Armed actors execute four aid workers in northeast Nigeria
Flooding in October and November across the Lake Chad Basin leads to displacement and increased humanitarian needs
Heightened conflict limits reach of humanitarian activities in northeastern Nigeria
Violence, including organized armed group (OAG) attacks, continues to impact civilians and relief organization personnel across the Lake Chad Basin region, comprising Cameroon’s Far North Region, Chad’s Lac Region, Niger’s Diffa Region, and northeastern Nigeria’s Adamawa, Borno, and Yobe states. On December 13, armed actors executed four aid workers abducted in July in northeastern Nigeria. In Lac, a midDecember OAG attack resulted in the deaths of 14 civilians, as well as five injuries and 13 abductions.
Acute food insecurity persists throughout the Lake Chad Basin and may worsen in some areas in the coming months, according to the Famine Early Warning Systems Network (FEWS NET). Many people in some areas of northeastern Nigeria are currently facing Emergency—IPC 4—levels of acute food insecurity, while some populations in inaccessible areas may be at risk of experiencing Famine—IPC 5—levels of acute food insecurity. Additionally, some populations in bordering areas of Diffa, Far North, and Lac will likely face Stressed—IPC 2—or worse levels of acute food insecurity until at least early 2020.5 Heightened food insecurity largely due to conflict continues to drive displacement throughout the region.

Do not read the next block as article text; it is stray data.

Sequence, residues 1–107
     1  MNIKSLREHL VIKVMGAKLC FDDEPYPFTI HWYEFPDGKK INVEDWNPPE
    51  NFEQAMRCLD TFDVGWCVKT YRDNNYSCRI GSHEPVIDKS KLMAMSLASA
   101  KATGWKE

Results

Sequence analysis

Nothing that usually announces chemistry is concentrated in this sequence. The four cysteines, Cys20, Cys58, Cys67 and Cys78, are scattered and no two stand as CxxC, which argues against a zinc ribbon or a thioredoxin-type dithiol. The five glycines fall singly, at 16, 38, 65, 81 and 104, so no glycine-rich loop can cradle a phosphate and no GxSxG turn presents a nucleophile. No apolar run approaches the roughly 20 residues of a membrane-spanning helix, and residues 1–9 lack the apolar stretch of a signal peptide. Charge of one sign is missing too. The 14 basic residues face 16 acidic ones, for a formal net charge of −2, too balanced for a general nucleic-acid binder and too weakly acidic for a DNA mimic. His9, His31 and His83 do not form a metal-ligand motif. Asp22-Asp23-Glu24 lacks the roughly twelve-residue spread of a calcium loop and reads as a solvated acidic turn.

Recent heavy rains and subsequent flooding have damaged infrastructure, destroyed crops, displaced populations, and restricted humanitarian access, resulting in acute humanitarian needs across the Lake Chad Basin. Flooding has affected at least 220,000 people as of late November.
The 2020 Global Humanitarian Overview (GHO), launched by the UN on December 4, appealed for $500 million and $317 million to meet urgent humanitarian needs in Chad and Cameroon, respectively, representing slightly increased requirements compare with 2019 requests. Meanwhile, the UN slightly reduced the financial requirements for both Niger and Nigeria, citing increased impediments to the delivery of humanitarian aid.